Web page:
Motorcycle safety is essential for reducing the risks and dangers of motorcycling. Motorcycle safety encompasses road design, traffic rules, rider training, and the prevailing attitudes toward motorcyclists and other road users.
Motorcyclists are typically overrepresented in fatal traffic crashes. For example, in 2019, motorcycle deaths accounted for 14 percent of all motor vehicle crash deaths and were more than double the number of deaths compared to 1997.
Our motorcycle accident attorneys urge motorcyclists to safely share the road, be aware of their surroundings, wear visible DOT-compliant motorcycle accessories, and always ride sober. If you’ve been injured in a motorcycle accident in New Jersey, call Goldstein & Goldstein for a free consultation today.
Motorcycle Crash Statistics
When motorcycles are involved in an accident, their riders lack the protection of an enclosed vehicle. This makes New Jersey motorcyclists more likely to be injured or killed, especially if involved in an accident with another vehicle. The U.S. federal government estimates that the number of motorcycle deaths per mile traveled in 2018 was nearly 27 times the number of car deaths.
Generally, motorcycles have higher rates of injuries and fatalities because cars provide more effective crash protection. For automobiles, 31% of crashes result in injury, but only 0.29% of accidents are fatal. For motorcycles, 78.3% of reported crashes result in injury, and 4.24% of crashes are fatal.
Sixty-three percent of motorcyclist deaths in 2019 occurred during May to September and peaked around August. If you or someone you love has been involved in a motorcycle accident in New Jersey, contact Goldstein & Goldstein to get help from experienced personal injury attorneys.
Motorcyclist Safety Tips
Riding a motorcycle can be exhilarating and fun, but motorcycling can also be dangerous. Safe motorcycling takes balance, coordination, and good judgment. Here are a few more safety tips that could help prevent motorcycle accidents and deaths in New Jersey:
Wear a Helmet
Motorcycle crash deaths can be expensive and preventable. Motorcycle experts state that one of the most effective ways to save lives and save money is with a universal helmet law.
Helmets saved an estimated 1,859 lives in 2016, and if all motorcyclists had worn helmets in 2016, 802 more riders could have been saved.
Always wear a helmet that meets the U.S. Department of Transportation (DOT) Federal Motor Vehicle Safety Standard (FMVSS) 218. Look for the DOT symbol on the outside back of the helmet.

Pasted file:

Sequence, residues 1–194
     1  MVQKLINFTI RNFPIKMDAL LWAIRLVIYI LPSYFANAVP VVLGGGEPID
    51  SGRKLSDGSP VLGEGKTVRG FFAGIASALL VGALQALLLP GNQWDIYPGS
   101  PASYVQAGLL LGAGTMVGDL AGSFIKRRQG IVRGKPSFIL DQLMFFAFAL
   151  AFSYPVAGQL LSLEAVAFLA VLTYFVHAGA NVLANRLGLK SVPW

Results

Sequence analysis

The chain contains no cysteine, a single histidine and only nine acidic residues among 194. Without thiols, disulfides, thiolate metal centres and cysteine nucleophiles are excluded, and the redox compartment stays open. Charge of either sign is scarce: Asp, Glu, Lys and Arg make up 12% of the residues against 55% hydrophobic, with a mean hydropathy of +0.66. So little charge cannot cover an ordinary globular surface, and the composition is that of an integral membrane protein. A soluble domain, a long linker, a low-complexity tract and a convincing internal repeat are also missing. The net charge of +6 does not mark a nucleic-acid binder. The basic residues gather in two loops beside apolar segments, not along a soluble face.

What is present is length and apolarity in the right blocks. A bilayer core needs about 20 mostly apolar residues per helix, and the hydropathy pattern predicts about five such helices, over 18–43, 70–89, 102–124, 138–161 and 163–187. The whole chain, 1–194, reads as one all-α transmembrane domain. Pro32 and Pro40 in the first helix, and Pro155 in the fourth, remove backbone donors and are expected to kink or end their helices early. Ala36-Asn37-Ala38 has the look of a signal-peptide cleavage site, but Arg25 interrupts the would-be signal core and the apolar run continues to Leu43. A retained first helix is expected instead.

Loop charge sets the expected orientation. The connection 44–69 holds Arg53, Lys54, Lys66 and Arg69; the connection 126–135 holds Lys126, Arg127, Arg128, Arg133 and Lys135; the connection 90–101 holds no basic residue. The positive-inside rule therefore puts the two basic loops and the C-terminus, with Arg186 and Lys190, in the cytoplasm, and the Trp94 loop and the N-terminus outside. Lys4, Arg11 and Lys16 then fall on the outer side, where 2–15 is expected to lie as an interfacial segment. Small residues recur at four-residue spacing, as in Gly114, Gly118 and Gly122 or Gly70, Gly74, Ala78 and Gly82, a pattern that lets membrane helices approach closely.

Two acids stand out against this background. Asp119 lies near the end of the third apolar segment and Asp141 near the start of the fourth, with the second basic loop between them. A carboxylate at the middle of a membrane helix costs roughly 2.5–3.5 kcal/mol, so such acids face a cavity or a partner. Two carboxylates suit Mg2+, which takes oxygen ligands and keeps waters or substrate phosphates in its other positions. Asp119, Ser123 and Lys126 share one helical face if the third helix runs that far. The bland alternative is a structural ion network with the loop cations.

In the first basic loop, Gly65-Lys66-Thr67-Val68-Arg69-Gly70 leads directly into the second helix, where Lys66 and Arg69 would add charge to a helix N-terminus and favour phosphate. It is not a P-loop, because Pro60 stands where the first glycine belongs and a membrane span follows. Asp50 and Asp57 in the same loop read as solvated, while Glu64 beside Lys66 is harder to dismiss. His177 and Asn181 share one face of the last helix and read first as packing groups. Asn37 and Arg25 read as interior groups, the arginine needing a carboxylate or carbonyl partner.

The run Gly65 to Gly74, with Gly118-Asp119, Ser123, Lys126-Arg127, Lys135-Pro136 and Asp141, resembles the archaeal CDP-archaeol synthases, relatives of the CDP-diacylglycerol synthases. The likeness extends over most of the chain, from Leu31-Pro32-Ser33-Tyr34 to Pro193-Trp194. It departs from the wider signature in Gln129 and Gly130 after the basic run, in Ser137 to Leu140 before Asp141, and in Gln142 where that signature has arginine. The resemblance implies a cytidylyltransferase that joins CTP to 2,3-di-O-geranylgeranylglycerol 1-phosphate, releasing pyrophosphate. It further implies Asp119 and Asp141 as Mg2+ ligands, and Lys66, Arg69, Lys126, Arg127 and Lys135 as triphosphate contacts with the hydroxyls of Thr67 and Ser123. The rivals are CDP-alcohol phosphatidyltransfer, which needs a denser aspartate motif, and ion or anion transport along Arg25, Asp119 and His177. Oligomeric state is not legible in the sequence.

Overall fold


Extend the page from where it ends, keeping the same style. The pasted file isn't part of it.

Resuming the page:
Get Your New Jersey Motorcycle License
Riding a motorcycle requires certain skills and knowledge. All states require a motorcycle license endorsement to supplement your automobile driver’s license. To receive the proper endorsement in New Jersey, you’ll need to pass written and on-cycle skills tests administered by the NJ MVC.
Completing an NJ Motorcycle Safety Education Program (MSEP) Basic Rider Course is a good way to get proper instruction and the experience necessary to begin your motorcycle journey or brush up on your skills.
Practice Your Motorcycle Skills
Motorcycles vary in responsiveness, so be sure to take the time to get accustomed to an unfamiliar motorcycle. Take it to a controlled area and test it out. Once you feel comfortable with your bike, you can take it into traffic.
You must know how to handle your motorcycle in all sorts of conditions like inclement weather or when you encounter road hazards like potholes and road debris.
Each time before you ride, experts suggest checking the following:
- Tire pressure
- Tread depth
- Hand and foot brakes
- Headlights and signal indicators
- Fluid levels before you ride
- Signs of oil or gas leaks
- Secure and balance your cargo load on the cycle and adjust the suspension and tire pressure to accommodate the extra weight
Wear Appropriate Motorcycle Attire
Covering your arms and legs completely when riding a motorcycle— ideally with leather or heavy denim— can help protect you from scrapes and falls.
Always wear boots or shoes that cover your ankles. Gloves can give you a better grip and help protect your hands in the event of a crash. Wearing bright and reflective materials can make you more visible to other vehicle drivers.
Ride Alcohol and Drug-Free
Alcohol and drugs, even prescription medications, can affect your ability to ride. These substances may alter your balance, alertness, reaction speed, judgment, coordination, control, and ability to shift gears.
You can’t predict what other travelers are going to do, therefore, make sure you are alcohol and drug-free when you get on your motorcycle so that you can reduce your risks. If you require an experienced motorcycle accident attorney, contact Goldstein & Goldstein for a free consultation today.